In 1997 Mike Krzyzewski took a sweet-shooting team down that eight miles to Chapel Hill.
They did not disappoint him. Led by Steve Wojciechowski’s 6-for-7 performance, Duke hit 17 of 34 from beyond the arc.
To no avail. North Carolina bludgeoned Duke on the boards, 49 rebounds to 18 for Duke.
No that’s not a typo. Antawn Jamison had 11 of those rebounds on the way to a 33-point performance.
Trajan Langdon, Greg Newton and Wojo led Duke with three rebounds each.
North Carolina won 91-85.
Four years ago Duke hosted the Tar Heels in the regular-season finale. Like 1997 Duke had won the opener in the rivalry and was looking for a sweep.
Like 1997 that hope evaporated every time somebody missed a shot.
This time it was 64-29. Brice Johnson led Carolina with 21 rebounds. Kennedy Meeks added 14. North Carolina rebounded 27 of their misses, Duke rebounded 21 Carolina misses. Johnson had more offensive rebounds (12) than the entire Duke team (8).
Duke hit 13 3s, held North Carolina to 4-for-23 from beyond the arc and had eight fewer turnovers.
But you can’t spot a team that kind of rebounding advantage and expect to win.
The final was North Carolina 76 Duke 72.
Obviously those are extreme examples and we can come up with numerous games where Duke held its on on the boards, even more than held its on.
But it does suggest a way the underdog Tar Heels can spring the upset tomorrow.
Like his mentor Dean Smith, Roy Williams is fond of big men, so much that he will frequently play two at a time.
And he has two pretty good ones. Garrison Brooks is a 6-9, 235-pound junior. He’s averaging 9.0 rebounds per game, third in the ACC. Armando Bacot is a 6-10, 232-pound freshman. He’s averaging 8.1 rebounds per game. That’s seventh in the ACC.
Despite UNC’s well-documented woes in several areas, they lead the ACC in rebounding differential, at almost nine per game.
How does Duke counter that?
Here are Mike Krzyzewski’s thoughts.
“They [Brooks and Bacot] are two of the best offensive rebounders in the country and they are the best offensive rebounding team,” Krzyzewski told the media today. “So, the main thing is we have to have five guys on the defensive boards trying to make sure they don’t get many second and third shots. To me, that’s the biggest thing that those guys do. They’re two outstanding players.”
Now Duke is second on the ACC in rebounding differential, at about seven per game.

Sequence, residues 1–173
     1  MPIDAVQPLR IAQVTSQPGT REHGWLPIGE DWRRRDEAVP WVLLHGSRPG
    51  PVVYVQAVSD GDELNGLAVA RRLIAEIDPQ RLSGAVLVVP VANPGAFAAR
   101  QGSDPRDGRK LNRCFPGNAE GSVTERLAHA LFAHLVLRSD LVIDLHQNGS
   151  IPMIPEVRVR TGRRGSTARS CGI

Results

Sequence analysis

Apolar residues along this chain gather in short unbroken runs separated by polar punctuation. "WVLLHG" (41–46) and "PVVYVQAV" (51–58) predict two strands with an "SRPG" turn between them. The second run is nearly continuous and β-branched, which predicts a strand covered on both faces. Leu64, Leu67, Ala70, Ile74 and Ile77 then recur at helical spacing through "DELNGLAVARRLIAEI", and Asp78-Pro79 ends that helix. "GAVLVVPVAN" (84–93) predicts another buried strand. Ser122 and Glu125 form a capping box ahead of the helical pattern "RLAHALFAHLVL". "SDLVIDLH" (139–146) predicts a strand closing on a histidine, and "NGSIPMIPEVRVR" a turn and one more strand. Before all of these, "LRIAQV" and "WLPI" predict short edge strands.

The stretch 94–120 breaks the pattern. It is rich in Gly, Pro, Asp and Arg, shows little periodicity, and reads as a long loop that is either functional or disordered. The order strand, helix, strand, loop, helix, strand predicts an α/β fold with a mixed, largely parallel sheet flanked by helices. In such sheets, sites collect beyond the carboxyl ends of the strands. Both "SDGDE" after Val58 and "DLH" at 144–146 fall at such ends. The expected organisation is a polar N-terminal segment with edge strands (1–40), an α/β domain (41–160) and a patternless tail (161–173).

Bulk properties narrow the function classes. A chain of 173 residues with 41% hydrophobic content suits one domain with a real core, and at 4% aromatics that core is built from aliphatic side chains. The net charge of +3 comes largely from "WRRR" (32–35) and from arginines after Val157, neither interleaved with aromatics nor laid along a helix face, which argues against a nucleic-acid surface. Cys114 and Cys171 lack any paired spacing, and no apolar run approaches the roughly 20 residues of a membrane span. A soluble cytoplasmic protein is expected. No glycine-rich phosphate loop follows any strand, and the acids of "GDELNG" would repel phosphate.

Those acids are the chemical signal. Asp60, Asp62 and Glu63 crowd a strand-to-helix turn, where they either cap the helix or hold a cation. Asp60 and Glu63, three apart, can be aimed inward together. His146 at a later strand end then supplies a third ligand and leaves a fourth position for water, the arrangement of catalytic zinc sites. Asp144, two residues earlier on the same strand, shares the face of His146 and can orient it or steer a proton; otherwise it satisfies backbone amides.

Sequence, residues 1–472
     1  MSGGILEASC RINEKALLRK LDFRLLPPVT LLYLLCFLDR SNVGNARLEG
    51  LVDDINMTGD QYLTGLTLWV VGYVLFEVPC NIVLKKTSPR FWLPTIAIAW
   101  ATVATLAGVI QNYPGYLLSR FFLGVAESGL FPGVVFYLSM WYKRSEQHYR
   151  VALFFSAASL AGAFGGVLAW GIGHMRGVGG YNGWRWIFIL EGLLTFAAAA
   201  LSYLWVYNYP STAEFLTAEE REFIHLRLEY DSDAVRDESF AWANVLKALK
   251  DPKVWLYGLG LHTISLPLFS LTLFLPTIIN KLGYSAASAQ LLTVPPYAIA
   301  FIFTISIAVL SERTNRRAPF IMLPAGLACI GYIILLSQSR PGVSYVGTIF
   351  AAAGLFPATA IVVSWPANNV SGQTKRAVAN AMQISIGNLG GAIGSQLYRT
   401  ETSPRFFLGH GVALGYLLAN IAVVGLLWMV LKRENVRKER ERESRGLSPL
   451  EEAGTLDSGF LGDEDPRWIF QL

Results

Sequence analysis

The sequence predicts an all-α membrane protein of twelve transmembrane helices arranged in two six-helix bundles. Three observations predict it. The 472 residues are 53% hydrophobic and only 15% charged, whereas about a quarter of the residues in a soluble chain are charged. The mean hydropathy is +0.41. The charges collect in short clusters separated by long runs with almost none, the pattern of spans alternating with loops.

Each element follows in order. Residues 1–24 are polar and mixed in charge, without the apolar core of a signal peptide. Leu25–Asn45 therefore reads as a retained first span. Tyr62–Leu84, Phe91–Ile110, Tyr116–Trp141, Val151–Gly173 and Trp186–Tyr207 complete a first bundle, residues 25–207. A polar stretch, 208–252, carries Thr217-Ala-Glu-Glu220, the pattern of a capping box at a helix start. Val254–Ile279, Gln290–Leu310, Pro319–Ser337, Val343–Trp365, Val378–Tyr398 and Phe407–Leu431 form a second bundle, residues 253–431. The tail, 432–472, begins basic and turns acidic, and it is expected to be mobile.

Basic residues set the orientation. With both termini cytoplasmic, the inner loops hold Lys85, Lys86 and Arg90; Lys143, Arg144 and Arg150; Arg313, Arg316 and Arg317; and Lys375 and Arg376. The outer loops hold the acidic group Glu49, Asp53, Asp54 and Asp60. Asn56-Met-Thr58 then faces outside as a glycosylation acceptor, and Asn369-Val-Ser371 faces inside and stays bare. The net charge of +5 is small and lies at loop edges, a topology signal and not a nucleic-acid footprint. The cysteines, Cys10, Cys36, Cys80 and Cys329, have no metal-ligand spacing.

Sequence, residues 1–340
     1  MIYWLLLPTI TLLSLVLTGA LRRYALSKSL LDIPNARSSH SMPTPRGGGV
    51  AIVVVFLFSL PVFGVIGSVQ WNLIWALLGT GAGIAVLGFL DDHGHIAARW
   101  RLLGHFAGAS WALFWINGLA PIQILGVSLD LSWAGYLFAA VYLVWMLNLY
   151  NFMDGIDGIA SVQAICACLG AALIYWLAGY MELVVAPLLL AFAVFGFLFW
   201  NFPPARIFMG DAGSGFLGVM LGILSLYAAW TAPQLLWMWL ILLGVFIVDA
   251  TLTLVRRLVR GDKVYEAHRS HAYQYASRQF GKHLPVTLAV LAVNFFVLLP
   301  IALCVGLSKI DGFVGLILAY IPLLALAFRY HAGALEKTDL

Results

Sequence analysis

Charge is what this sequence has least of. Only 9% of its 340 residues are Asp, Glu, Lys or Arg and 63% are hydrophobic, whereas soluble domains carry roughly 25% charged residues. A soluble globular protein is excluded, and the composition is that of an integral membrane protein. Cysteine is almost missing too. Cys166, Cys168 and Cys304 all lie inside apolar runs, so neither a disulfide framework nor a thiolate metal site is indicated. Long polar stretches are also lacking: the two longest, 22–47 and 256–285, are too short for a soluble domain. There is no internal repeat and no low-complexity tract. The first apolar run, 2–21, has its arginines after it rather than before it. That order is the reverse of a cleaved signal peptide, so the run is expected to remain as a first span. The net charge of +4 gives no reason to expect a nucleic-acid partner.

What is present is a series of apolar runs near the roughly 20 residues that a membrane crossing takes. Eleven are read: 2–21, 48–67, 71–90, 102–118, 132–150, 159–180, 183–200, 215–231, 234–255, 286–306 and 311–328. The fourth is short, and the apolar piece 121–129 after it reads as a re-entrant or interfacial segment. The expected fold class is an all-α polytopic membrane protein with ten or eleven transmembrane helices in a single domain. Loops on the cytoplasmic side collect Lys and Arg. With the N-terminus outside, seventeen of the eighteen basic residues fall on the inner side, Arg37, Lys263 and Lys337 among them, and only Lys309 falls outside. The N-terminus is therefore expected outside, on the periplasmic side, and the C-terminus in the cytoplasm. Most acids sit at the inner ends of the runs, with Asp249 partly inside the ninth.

But it has been a collective. Vernon Carey is at 9.0 rebounds per game but no one else has averaged more than Cassius Stanley’s 4.5 per game.
Matthew Hurt is the second nominal big. He’s 6-9 but a skinny 6-9 and he’s averaging fewer than 4 rebounds per game. Hurt played sparingly earlier this week against Boston College and Krzyzewski said that was due to BC going small. And the Hurt-Bacot matchup could play to Duke’s advantage if Hurt can find some magic from the outside and draw one of the rim protectors away from the rim.
But if not? Duke could play Carey and Javin DeLaurier together some, which they’ve done on occasion this season. But Duke’s two bigs sometimes have trouble massaging 10 fouls into 40 minutes. Make that 45, 50, 55 minutes and playing them together becomes even more problematical.
Which might result in a big role Saturday night for Jack White. He’s shorter than Hurt but 10 pounds heavier, three years more experienced and he’s a rebounder.
White says he’s ready.
“They create a lot of really good opportunities for themselves on the glass and I think they work really well together. In terms of how we stop them, we’ve got to fight them. We’ve got to bring the fight to them. We know that they’re going to try to be physical but we know that we’ve got to try and put them on the back foot. We really just want to bring the game to them. We don’t want to be on the back foot, we don’t want to be the ones getting attacked – we want to be the attackers, the aggressors and just play our game. We don’t want to be timid or anything like that. We want to play aggressive Duke basketball.”
Duke has sometimes been able to negate a rebounding differential by forcing more turnovers than they commit. The Tar Heels are minus 24 on the season on turnovers, Duke is plus 60.
But how much of that is skewed by Cole Anthony’s absence? And how well is he integrated back into their offense?
“I think it’s obvious that the team that will rebound the best and turn the ball over the least will have the best chance to win,” Krzyzewski summed up. “So, we have to keep up with them on the boards and hopefully we can force a few more turnovers than they force against us.”